‘Create MCQ-cracking robots’: Doctors, students on NMC's NExT exam guidelines

NMC’s draft guidelines for the NExT exam have divided opinions and caused confusion among MBBS graduates. It will replace NEET PG.


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The NMC is yet to clarify which batch of MBBS students will be the first to sit for NExT exam. (Representative Image: Shutterstock)The NMC is yet to clarify which batch of MBBS students will be the first to sit for NExT exam. (Representative Image: Shutterstock)

Sanjay | January 3, 2023 | 12:39 PM IST

New Delhi: Days after the National Medical Commission (NMC) sought comments on the proposed draft regulations related to National Exit Test (NExT), a section of medical students, teachers and leaders of medical organisations have raised concerns about its pattern, objectives and implementation. They also questioned the timing of the regulations while stating that the proposed regulations will lead to a boom in the medical coaching business.

Opinion is divided on the NExT. One section is welcoming the proposed changes; others are calling it an “early and unprepared move”. Students are complaining that they will be forced to avoid clinical training and ward postings in order to prepare for this “decisive” examination.

The NExT will serve as a qualifying final-year MBBS exam, a licentiate exam to practise and for admission to postgraduate courses, replacing the National Eligibility Entrance Test for Postgraduate (NEET PG). It will also be the screening exam for foreign medical graduates who want to practise in India, replacing the Foreign Medical Graduate Exam (FMGE).

In a notice dated December 28, NMC issued the draft guidelines for NExT which will be held in two steps. NExT Step 1, a theory exam, will be held in December. NExT Step 2, a practical, clinical and viva voce exam, will be held in March and be valid for three years. The proposed guidelines of NExT exam say that the students have to clear the NEXT exam (Steps 1 and 2) within 10 years from the date of their MBBS admission.

According to NMC, these regulations shall be called the ‘National Medical Commission National Exit Test Regulations, 2022’.

NExT Step 1

Final-year MBBS students will be eligible to appear in NExT Step 1, an online examination with multiple choice questions (MCQs). It will consist of six papers covering subjects of MBBS third year and final year.

It will be a centralised common pan-India examination which will be conducted once a year, before the university practical examination for third-year MBBS (Part2) and before the compulsory internship in the final year of MBBS. The NExT Step 1 shall replace the conventional university or institutional theory examinations.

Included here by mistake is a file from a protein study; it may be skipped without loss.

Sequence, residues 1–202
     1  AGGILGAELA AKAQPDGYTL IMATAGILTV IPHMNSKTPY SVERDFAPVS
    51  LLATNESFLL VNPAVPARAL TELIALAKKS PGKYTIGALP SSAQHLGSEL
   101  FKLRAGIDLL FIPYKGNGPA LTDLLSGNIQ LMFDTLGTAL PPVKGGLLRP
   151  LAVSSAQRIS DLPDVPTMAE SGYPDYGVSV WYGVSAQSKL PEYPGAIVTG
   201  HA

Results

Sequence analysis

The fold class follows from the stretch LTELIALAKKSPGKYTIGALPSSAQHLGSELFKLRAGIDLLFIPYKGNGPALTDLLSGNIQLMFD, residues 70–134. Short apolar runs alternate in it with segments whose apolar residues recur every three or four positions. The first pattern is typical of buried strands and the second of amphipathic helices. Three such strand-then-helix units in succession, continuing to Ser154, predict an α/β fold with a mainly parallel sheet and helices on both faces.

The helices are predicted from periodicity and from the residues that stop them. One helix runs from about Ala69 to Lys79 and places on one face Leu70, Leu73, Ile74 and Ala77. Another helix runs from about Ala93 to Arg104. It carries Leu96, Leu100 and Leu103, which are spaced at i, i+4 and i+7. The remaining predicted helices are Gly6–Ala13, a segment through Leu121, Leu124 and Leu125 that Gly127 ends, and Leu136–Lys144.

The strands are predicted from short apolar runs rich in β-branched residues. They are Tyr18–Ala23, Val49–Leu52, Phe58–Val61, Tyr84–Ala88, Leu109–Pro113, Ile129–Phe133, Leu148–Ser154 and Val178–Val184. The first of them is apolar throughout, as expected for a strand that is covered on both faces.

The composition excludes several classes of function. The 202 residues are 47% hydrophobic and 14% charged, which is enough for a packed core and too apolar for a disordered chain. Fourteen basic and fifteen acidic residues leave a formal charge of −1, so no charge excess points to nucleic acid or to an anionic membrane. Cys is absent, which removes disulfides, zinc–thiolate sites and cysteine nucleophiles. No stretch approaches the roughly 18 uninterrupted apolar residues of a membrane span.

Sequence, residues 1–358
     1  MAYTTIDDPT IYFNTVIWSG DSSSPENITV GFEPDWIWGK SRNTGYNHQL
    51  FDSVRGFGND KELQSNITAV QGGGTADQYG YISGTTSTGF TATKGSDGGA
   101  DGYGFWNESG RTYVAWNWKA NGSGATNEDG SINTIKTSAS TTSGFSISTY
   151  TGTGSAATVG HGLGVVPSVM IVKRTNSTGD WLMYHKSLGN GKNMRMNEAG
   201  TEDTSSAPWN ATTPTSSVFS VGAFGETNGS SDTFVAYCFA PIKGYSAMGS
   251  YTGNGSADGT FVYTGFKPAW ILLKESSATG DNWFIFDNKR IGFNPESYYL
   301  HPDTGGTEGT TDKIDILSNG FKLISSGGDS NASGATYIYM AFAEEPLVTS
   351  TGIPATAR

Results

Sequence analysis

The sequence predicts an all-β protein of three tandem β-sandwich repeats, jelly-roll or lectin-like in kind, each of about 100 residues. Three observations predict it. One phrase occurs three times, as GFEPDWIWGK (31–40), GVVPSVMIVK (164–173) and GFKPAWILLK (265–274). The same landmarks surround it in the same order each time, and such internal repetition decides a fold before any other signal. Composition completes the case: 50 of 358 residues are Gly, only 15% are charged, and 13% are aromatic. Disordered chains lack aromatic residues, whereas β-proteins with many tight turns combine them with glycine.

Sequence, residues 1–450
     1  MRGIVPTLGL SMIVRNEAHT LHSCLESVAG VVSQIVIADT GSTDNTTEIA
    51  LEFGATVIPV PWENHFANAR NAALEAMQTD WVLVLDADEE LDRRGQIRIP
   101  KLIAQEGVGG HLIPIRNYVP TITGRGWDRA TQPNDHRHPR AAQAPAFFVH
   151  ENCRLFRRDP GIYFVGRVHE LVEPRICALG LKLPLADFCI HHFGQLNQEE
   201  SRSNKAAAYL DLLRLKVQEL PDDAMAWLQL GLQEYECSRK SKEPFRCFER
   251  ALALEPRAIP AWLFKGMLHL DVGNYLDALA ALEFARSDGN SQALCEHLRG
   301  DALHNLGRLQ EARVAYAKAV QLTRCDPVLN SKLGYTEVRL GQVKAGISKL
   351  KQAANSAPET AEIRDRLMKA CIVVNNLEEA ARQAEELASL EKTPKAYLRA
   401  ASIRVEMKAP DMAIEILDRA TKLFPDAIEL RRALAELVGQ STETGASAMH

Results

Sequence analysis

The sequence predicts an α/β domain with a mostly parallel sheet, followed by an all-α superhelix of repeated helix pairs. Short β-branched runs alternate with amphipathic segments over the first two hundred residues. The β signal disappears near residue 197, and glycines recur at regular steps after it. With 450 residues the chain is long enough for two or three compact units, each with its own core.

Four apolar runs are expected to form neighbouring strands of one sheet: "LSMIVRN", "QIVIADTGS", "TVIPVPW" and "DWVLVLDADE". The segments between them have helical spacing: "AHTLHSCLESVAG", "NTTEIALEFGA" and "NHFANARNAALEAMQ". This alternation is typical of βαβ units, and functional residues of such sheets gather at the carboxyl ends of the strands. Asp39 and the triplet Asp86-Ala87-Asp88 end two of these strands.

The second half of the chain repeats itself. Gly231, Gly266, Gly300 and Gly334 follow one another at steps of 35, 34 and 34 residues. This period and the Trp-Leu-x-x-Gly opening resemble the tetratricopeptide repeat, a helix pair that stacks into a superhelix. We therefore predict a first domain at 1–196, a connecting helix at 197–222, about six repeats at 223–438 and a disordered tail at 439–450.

The passing marks for NExT Step 1 will be 50% in each of the six papers. Students who clear it and the university’s final practical or clinical exam will be eligible for internships. Marks obtained in NExT Step 1 will be used also for admission to postgraduate (PG) medical courses. However, students need to clear NExT Step 2 to obtain a licence to practise and for admission to PG medicine.

Also Read | NMC ‘relaxing norms’ for new medical colleges will raise MBBS fees, dilute quality: Experts

‘MCQ-cracking robots’

“Now, students have to compulsorily clear NExT exam - Step 1 and Step 2 within 10 years of their MBBS admission to qualify for getting a medical licence. Otherwise he will be reduced to a class 12th pass student.So stakes are really high and students will definitely focus on coaching to clear this decisive exam from the first year itself,” said Seema Mandal, a final-year MBBS student at ESIC Medical College, Kolkata.

Dr Satendra Singh, professor of physiology at University College of Medical Sciences (UCMS), Delhi, argued that the MCQ format of questions in Step 1 will decrease attendance of students in clinical subjects as students will solely focus on this exam.

“Due to MCQ type questions in NExT Step 1, teachers of the six clinical subjects won’t have to set theory papers and assess. This will further decrease dwindling attendance in clinical subjects. Classic example of the right hand not knowing what the left is doing as there seems to be little alignment between Competency Based Undergraduate Curriculum (CBME) and NExT. Are we preparing physicians for first contact with the community or MCQ-cracking robots who have never seen clinics?,” he questioned.

NMC in its draft has said that MCQ items would address higher domains of knowledge aligned to competencies expected of an Indian medical graduate or a graduate practising modern system of medicine.

Questioning the MCQ-based NExT Step 1 exam pattern, Dr Rohan Krishnan, national chairman of Federation of All India Medical Association (FAIMA) said “We will definitely see a boom in the centres business which is already flourishing in our country. These coaching institutes are charging nearly Rs 1 lakh from a student and hence it will be a big financial burden on students.”

NExT Exam: Six papers in five days

According to NMC’s draft, students will have to sit for 6 papers in consecutive five days and there will be two sessions each day. The duration of the first session will be of three hours and the second session will be of 1.5 hours.